In this case, I decided that the spacing between adjacent columns should be 1.5X the spacing between adjacent rows, which means 33.33mm * 1.5 = 49.99mm, which I rounded to 50mm. Following this decision, I marked out the full matrix and affixed my paper "washers" in place using Elmer's all-purpose glue, as illustrated below.
The next step was to determine the placements for the brass acorn nuts, which I'm going to use to hold this panel in place. The easiest solution would be to have one nut for each row and column, but that would look like total overkill. Last week, when I was bouncing ideas around with my chum Willie -- the mechanical design engineer whose office is in the next bay -- he made the very good point that the function of the acorn nuts was totally divorced from the function of the washers. Based on this, Willie had suggested that the spacing between the acorn nuts should reflect this difference in function. A close up view of one of the corners is shown below.
The distance between the center of the acorn nuts and the center of the nearest washer is the same as the vertical separation between adjacent pixels; that is, 33.33mm. The distance between the center of the acorn nuts and the edge of the board is half of this value; that is, 16.66mm. At this point, I ran into a bit of a conundrum. Consider the following image.
Let's start with the seven nuts on the left-hand side. I started by placing an acorn nut in each corner. I then placed one in the center of the left-hand side. I then played with my nuts for a while (stop smirking, it doesnít become you) and eventually decided that adding two nuts between the center and each corner resulted in the effect I was looking for. The end result was a vertical spacing between nuts of around 91mm.
Now consider the bottom side of the above image. Again, I started by placing a nut in the center of the bottom side, because this matched my having nuts in the center of the left- and right-hand sides. In this case, I tried adding four nuts between the center and each corner, but that resulted in a horizontal spacing between nuts of 80mm. The difference between the vertical spacing and the horizontal spacing just didnít "feel right."
As you can see, there are eleven nuts on the bottom edge with ten "gaps" between them. Now look at the top edge. In this case there are ten nuts, with nine "gaps" between them. Although this means there isnít a nut in the center of the top edge, it does mean that the horizontal gap between nuts is now 88.88mm, which is close enough to the vertical gap of 91mm on the edges to fool the eye. The end result is that -- when I come to construct the real display -- I will be using the 10-nut arrangement for the top and bottom edges.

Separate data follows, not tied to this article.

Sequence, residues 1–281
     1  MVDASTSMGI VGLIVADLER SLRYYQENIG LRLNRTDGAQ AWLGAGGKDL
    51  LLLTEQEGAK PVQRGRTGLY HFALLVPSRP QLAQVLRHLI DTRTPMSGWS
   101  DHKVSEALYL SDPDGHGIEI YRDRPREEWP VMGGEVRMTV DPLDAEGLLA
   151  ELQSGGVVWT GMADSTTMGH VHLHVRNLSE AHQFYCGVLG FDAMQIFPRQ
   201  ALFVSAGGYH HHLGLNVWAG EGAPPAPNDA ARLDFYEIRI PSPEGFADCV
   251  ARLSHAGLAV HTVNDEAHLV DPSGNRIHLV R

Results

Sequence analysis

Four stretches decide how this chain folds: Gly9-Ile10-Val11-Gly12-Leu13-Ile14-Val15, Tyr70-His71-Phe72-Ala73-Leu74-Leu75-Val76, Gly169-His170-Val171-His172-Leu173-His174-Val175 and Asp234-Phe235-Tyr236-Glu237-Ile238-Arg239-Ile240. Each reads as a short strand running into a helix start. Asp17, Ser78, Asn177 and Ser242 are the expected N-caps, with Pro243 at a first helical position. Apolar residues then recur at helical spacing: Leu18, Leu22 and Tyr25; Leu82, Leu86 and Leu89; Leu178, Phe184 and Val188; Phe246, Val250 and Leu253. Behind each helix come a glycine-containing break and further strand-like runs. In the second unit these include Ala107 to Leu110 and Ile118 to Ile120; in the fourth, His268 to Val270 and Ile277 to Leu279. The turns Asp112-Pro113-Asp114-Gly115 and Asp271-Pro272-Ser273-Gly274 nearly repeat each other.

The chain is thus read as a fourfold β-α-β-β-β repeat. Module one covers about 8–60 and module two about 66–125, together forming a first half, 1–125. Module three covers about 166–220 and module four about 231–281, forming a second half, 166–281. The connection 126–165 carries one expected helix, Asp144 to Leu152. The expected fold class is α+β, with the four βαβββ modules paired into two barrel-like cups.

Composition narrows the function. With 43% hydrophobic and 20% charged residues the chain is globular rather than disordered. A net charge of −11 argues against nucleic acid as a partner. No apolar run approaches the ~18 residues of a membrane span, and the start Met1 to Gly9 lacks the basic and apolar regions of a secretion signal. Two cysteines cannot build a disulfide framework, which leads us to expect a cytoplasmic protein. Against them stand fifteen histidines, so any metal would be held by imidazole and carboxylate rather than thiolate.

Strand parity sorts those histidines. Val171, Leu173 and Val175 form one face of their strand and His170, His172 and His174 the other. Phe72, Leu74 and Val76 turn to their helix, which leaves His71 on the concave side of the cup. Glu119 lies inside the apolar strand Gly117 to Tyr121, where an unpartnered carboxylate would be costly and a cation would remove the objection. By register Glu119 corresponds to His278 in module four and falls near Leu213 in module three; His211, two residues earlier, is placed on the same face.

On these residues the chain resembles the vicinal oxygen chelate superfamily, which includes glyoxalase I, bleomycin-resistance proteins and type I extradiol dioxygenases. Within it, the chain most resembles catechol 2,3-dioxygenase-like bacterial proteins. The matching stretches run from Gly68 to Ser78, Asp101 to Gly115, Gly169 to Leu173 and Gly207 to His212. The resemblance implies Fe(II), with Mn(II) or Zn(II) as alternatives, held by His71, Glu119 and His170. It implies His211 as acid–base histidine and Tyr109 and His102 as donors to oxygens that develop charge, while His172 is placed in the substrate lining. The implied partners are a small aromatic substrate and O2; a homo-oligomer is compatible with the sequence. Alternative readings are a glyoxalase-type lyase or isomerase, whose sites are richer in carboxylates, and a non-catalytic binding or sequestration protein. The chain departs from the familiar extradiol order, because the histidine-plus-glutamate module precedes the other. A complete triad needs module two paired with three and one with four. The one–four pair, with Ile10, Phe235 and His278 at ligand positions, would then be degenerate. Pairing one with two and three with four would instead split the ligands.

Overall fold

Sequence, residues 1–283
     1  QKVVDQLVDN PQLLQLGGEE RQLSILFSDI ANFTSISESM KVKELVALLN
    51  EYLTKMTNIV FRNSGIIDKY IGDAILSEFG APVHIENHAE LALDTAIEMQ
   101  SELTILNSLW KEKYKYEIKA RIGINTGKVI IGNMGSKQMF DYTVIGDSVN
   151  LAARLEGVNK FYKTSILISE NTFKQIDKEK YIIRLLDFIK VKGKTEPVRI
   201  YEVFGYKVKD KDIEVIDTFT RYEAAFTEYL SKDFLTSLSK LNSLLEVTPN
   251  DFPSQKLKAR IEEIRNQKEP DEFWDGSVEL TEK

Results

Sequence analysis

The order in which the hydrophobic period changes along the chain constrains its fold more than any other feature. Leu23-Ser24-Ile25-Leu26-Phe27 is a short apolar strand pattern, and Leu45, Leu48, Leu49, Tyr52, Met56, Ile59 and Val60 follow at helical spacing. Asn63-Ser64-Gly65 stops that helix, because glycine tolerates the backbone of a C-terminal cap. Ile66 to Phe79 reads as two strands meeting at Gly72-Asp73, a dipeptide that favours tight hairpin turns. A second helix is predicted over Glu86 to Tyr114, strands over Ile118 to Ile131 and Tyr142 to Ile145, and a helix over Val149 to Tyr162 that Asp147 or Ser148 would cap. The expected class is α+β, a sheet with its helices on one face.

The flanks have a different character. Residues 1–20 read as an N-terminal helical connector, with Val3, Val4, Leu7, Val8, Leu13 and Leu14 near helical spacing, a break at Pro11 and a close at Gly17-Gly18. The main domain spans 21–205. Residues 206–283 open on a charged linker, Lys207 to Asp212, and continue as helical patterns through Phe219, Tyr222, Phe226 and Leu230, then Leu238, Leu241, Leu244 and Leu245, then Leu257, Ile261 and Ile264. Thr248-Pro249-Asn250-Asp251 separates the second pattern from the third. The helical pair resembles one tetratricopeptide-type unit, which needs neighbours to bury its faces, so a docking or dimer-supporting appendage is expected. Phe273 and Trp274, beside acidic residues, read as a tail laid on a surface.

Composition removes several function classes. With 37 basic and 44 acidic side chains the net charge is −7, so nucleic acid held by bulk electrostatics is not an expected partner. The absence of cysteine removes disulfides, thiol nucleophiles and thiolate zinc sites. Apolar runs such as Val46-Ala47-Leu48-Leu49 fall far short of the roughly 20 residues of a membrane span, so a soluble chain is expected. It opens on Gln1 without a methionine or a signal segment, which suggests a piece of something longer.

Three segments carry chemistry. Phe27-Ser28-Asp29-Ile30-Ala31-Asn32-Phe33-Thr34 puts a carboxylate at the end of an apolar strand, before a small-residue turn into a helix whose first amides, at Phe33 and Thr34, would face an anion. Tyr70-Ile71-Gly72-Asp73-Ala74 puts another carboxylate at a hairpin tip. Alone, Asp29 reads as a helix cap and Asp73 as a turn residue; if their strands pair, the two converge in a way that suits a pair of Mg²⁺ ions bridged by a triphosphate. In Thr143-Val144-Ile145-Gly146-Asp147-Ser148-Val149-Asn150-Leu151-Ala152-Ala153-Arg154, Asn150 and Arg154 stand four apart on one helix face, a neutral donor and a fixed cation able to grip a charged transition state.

In the fullness of time, I will be experimenting with a variety of different display modes, so I'll need some way to switch between them. Originally I was thinking of embedding an LCD display in the front panel (I was thinking of using a black-and-white display, and making it look like a CRT-type unit). But my chum Ivan, who also has an office in the next bay, gave the opinion that this was a waste of time, effort, and money. As he pointed out, I can actually use my 16x16 LED array as the option/menu display -- all I need to do is add is a small control panel with some momentary push buttons as shown below.
This panel will also be formed from pressed board painted to look like antique brass. The red button is the "Reset" button; the green button is the "Menu/Select/OK" button that will allow you to enter and exit the menu system and select amongst the various options; and the four black buttons will allow you to scroll "Up," "Down," "Left," and "Right" between the various options. Below we see a closer look at this control panel.
Putting this all together, below we see the main LED array and the control panel glued on to a piece of cardboard. In the real display, the cardboard will be replaced with the plywood stained to look like dark, old wood.
In this case, I started by making the distance between the edge of the LED array panel and the edge of the cardboard on the left- and right-hand sides 10cm (2X the horizontal distance between NeoPixel Elements). Similarly, the gap between the top-edge of the LED array panel and the top of the cardboard is 10cm. In the case of the control panel, we have a 5cm gap above and below it, which means that the total width at the bottom is 20cm (i.e., 2X the width of the sides and the top).
As you can see from the final image below, the end result is a tad larger than I had originally envisaged, but I think it's going to look outrageously tasty. Can you imagine this little beauty lit up in all its glory? I cannot wait!
Yours truly in his 'Kilroy was here' pose.
So, why have I just spent so much time waffling on about all of this? Well, there are several reasons, actually. First, I thought you might be interested to hear the mental process behind my decision-making. Second, these directions will hopefully come in handy if you decide to create such a display for yourself. Third, if you have any industrial design experience or knowledge, I would really welcome any feedback as to the decisions I've made. Do they make sense? Is there anything I should change? Are there any "rules of thumb" of which I should be aware? And are there any good books on industrial design you would recommend?
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- Creating an Inamorata Prognostication Engine, Part 3
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- Building a Mind-Boggling Infinity Mirror, Part 2
- Building a Mind-Boggling Infinity Mirror, Part 3
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- Max's BADASS Display, Part 2
- Max's BADASS Display, Part 3